Faces. I draw faces on the nitrile* gloves with care,never more struck by my privilege,until I meet those without a home,a child alone,the laughter and delight at a simple toy,a joy,they are gathered at my feet,their little bundles stand out in stark relief,drawing in the bright sun,on expensive paper with cheap crayons.
House 50. The delivery of a professional service by the Navy with a high degree of certainty requires specific fleet standards, quality control and the monitoring of personnel and equipment in action. The standards necessary to operate the fleet, are the ‘bedrock’ of an effective service. Their importance is heightened when the ships taskings become more complex. It was deemed vital to establish an organic operational evaluation capability in order to meet the delivery of these requirements and to this end, in September of 2008, the Flag Officer Commanding Naval Service (FOCNS) directed the establishment of the NS Fleet Operational Readiness, Standards and Training (FORST) section within Naval Operations Command (NOC).The aim of FORST is to facilitate organisational learning and continuous improvement by highlighting best practice and the fleet standardised processes required for the generation, maintenance and evaluation of our operational capability (GMEOC).
Rebuilding Somalia – “The sea is our future” This article will also feature in the upcoming edition of Emergency Service Ireland magazine.The horn of Africa for decades has been a much-troubled location. Recently Paul O’Brien MA delivered an overview of the conflict in this publication and in this follow-up article, I will focus on the efforts underway to rebuild the country.A lasting peace will be built not only by the absence of conflict but by resetting the foundations of the state; this must bring together many different interconnected parts to provide a place where a functioning government can use its natural resources for the benefit of all its citizens.One of the greatest resources open to Somalia is the sea. They have the longest coastline on mainland Africa and in the middle East, at 3,025km. The waters off Somalia have become synonymous with piracy and lawlessness, yet this will be one of the key areas where economic activity is brought back to the impoverished country, which is balanced on a knife edge with regards to its own security and stability.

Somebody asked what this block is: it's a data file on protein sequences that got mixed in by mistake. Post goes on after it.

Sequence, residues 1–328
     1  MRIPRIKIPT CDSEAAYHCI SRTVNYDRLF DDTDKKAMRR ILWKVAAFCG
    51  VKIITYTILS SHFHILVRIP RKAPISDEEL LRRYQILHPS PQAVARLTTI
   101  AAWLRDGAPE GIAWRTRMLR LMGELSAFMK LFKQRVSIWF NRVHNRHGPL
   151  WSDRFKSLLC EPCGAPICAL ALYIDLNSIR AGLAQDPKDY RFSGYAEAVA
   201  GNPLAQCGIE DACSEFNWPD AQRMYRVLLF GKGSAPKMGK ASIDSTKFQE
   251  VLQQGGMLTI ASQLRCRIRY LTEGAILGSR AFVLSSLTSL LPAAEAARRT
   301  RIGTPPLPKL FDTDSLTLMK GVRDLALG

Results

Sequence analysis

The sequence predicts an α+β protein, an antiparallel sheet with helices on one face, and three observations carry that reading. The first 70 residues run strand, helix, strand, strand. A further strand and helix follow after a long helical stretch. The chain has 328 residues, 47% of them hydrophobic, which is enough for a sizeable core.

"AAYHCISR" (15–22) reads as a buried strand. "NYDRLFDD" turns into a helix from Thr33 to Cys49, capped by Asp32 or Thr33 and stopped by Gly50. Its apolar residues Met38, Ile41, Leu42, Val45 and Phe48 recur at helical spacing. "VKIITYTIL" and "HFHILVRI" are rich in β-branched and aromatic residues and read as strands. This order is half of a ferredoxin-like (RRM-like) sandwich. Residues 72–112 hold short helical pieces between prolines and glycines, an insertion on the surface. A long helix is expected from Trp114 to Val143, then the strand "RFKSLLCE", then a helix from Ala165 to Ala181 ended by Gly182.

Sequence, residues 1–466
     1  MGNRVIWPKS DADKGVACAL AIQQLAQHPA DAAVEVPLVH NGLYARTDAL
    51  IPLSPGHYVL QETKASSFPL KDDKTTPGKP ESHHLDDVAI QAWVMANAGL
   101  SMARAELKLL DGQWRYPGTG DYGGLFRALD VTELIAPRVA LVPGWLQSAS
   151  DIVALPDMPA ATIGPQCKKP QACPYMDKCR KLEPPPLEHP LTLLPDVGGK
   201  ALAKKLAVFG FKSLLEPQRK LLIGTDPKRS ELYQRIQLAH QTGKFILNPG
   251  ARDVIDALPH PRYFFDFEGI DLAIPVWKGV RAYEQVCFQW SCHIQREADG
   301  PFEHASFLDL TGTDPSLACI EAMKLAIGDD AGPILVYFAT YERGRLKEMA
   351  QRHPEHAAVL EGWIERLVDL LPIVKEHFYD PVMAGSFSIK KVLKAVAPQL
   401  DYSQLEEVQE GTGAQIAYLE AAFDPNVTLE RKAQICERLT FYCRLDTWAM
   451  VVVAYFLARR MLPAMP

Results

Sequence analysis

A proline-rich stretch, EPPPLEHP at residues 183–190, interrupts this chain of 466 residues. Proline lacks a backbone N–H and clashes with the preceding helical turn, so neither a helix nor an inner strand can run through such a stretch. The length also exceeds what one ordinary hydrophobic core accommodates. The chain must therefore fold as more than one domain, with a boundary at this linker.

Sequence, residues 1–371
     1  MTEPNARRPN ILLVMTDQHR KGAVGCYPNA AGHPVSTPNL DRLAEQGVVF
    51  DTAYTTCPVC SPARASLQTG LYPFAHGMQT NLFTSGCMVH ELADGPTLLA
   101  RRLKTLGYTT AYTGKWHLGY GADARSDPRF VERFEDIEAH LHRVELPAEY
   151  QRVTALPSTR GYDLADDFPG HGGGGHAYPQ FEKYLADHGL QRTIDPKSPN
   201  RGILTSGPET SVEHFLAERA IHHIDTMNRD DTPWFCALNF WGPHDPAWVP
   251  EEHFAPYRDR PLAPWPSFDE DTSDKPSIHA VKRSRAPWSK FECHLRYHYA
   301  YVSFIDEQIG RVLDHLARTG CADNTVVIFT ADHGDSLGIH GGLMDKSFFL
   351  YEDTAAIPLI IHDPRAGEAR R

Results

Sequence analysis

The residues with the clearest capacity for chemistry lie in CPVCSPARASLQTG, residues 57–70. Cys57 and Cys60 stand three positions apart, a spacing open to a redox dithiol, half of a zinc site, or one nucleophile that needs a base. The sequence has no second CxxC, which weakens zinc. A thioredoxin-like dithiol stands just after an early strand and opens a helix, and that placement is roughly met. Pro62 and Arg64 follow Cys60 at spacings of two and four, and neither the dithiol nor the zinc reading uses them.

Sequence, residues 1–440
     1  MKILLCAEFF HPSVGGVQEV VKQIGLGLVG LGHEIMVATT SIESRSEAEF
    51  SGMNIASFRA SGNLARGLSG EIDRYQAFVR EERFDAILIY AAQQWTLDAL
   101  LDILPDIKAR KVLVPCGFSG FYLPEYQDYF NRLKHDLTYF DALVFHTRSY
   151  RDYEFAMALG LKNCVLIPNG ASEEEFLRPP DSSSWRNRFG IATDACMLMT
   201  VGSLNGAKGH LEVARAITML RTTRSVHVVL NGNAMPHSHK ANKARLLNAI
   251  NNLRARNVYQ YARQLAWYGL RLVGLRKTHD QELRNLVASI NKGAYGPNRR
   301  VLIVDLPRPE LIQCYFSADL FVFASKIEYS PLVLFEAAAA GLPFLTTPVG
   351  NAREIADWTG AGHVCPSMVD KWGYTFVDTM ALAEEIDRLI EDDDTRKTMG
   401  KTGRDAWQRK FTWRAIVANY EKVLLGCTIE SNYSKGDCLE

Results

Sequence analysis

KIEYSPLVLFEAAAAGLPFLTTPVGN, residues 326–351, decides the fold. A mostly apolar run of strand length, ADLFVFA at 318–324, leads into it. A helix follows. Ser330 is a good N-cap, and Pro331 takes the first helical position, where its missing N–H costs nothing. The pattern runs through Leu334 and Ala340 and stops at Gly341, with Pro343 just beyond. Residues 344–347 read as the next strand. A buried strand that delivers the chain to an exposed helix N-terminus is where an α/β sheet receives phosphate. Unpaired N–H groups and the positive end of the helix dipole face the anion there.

Technical Training School, Irish Naval ServiceH aulbowline Island, located in the second largest natural harbour in the world, where the Lee flows down to meet the sea, is a place of rich history. Tucked away in an unassuming corner of a disused building, a historical gem had been awaiting rediscovery…In 2012 while passing the Seamanship Bay on the Naval Base during some renovation works PO/ERA Alan Duggan chanced to come across a collection of old machinery. He spotted what he thought might be a type of ‘Hot Blub’ stationary engine and he began to seek out information as to how it came to be there.
Lá breithe shona duit, tSeirbhís Chabhlaigh. On the 1st of September, the Naval Service will slip into its seventy-fourth year and go about its duties with the same quiet professionalism that it has always had and hopefully always will. The crews of the modern navy who have acquitted themselves so well off the coast of Libya are following in the footsteps of those who laid the foundations of the Service in September 1946.The Naval Service is the principal sea going agency of the State and performs a whole host of duties for the government and other stakeholders. Fisheries protection in Irelands Exclusive Economic Zone, narcotics & arms interdiction, search & rescue; these are only some of the tasks which they can be called upon to perform at any time during Maritime Defence and Security Patrols.In projecting the law of the State beyond the horizon, they defend Irelands interests with their presence and as self-contained mobile units they are capable of undertaking tasks which no other state agency can perform.